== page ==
ACA funding tied to tax bill may never appear, even if Congress OKs it
Sen. Susan Collins' ACA changes may not make much of a difference. Photo: Andrew Harnik/AP
Even if congressional Republicans agree to help stabilize the Affordable Care Act in order to secure the votes for their tax overhaul, those stabilization efforts might not end up taking effect, conservative policy analyst Chris Jacobs argues at The Federalist.
Why it matters: Sen. Susan Collins has insisted that the Senate pass two health care bills, to try to make up for the premium increases caused by repealing the ACA's individual mandate in their tax overhaul. But it's far from clear that either measure could become law — or that they'd actually help, even if they do pass.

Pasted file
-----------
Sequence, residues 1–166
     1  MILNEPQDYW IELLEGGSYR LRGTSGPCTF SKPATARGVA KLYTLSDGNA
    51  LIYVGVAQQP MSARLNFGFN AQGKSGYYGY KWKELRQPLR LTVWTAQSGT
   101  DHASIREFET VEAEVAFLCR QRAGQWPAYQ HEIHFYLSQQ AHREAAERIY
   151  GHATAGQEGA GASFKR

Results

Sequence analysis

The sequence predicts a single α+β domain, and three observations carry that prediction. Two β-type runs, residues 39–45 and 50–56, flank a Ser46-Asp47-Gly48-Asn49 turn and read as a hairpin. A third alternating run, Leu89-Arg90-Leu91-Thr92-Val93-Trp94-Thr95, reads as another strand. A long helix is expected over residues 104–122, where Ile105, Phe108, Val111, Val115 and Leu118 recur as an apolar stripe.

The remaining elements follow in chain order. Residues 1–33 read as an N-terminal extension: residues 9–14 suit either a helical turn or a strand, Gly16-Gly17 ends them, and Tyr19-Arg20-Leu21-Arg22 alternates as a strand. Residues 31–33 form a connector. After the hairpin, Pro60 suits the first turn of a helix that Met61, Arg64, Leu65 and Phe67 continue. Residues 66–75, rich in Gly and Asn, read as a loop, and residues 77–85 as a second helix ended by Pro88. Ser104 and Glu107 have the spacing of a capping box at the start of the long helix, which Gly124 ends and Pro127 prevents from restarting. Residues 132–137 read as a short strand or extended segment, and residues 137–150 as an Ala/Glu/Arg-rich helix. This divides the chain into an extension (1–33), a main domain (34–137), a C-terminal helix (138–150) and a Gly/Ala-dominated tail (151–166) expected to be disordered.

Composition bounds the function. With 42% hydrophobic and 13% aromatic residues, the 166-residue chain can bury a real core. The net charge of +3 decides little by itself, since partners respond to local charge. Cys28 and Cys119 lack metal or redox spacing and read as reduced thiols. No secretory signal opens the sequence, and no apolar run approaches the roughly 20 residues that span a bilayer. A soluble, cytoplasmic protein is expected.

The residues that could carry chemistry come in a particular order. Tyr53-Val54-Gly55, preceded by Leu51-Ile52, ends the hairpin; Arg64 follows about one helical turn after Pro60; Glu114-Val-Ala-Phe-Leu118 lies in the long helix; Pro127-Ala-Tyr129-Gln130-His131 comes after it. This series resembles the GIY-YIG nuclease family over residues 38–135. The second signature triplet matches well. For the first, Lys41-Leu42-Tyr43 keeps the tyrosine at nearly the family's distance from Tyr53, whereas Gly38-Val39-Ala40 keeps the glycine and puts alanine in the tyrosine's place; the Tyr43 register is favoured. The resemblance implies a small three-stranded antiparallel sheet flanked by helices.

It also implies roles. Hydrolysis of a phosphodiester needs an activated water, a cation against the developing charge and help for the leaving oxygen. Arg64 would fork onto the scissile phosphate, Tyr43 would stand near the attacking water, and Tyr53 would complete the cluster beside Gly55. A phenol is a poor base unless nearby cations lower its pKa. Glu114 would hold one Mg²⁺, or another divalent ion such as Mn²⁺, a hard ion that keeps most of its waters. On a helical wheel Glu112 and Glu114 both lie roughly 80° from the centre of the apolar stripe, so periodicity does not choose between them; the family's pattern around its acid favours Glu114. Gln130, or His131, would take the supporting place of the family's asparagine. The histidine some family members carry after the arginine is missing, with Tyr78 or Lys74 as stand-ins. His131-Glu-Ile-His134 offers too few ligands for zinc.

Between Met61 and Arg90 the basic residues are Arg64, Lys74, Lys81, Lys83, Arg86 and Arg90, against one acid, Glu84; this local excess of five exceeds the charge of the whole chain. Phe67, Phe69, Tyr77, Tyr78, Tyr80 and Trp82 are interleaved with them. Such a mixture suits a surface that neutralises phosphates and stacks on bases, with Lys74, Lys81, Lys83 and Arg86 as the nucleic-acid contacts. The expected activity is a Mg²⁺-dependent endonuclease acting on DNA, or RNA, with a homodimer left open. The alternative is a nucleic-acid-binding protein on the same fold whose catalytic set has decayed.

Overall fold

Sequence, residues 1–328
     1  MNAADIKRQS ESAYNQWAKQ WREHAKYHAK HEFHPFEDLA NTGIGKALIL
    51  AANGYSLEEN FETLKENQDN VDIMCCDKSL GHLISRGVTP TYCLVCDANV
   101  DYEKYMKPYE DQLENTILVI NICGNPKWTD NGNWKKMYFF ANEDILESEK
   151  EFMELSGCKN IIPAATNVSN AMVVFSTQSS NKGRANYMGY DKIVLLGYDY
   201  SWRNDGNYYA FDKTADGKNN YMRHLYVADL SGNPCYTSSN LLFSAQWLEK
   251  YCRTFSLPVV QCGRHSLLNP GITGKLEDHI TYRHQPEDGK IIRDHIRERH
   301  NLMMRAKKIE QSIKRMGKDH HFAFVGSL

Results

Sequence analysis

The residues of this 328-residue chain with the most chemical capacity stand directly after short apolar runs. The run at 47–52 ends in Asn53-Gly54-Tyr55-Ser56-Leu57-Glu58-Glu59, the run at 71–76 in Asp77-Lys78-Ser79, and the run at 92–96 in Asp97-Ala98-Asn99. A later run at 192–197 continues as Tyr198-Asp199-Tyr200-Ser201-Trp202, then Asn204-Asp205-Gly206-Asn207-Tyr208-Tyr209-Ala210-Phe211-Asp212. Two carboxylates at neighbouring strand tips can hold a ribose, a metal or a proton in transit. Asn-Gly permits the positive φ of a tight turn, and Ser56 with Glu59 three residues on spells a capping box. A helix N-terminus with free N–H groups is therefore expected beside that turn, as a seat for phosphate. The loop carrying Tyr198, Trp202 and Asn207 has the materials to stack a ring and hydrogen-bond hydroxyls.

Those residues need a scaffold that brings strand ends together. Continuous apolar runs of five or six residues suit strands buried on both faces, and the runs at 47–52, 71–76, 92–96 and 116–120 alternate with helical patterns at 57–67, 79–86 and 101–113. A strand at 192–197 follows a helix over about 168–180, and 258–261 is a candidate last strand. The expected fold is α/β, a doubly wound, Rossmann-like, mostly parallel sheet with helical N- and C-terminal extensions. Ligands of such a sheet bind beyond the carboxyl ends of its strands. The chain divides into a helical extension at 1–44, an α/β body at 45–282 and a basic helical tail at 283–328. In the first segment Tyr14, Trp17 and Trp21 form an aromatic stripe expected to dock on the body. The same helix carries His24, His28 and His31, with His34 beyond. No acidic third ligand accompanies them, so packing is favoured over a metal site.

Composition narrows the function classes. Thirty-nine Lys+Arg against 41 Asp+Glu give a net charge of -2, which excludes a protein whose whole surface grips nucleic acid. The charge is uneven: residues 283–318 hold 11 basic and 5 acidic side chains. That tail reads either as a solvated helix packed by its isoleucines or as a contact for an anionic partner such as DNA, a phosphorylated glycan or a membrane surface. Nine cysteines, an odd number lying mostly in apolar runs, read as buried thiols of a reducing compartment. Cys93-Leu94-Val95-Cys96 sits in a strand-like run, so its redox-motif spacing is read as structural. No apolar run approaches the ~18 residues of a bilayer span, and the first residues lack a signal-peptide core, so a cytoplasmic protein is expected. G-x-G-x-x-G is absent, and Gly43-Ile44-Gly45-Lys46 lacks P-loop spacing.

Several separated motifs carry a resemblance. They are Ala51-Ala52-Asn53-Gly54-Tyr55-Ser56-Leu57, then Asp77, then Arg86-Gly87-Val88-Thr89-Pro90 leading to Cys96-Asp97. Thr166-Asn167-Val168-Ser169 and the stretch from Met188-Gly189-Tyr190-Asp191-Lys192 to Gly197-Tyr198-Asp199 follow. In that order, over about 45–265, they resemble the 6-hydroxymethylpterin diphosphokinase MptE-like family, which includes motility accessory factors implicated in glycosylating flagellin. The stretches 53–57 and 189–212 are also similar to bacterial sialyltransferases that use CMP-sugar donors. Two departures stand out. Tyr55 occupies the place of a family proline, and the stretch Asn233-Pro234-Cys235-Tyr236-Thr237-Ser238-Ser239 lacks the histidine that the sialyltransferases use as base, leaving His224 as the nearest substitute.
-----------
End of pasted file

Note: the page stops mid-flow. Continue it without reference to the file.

The details: In order to soften the blow from repealing the ACA's individual mandate, Senate Republicans are considering two separate bills that would make direct payments to insurance companies: The bipartisan stabilization bill from Sens. Lamar Alexander and Patty Murray, and a Collins bill to directly compensate insurance companies for their most expensive customers.
Yes, but: Because the Senate tax bill would add to the deficit, it would trigger automatic cuts in domestic spending. And both of the new pots of money would likely be subject to those cuts, Jacobs writes.
- "In other words, the payments to insurers may never get made, even if Congress passes these provisions on a spending bill this year," Jennings writes.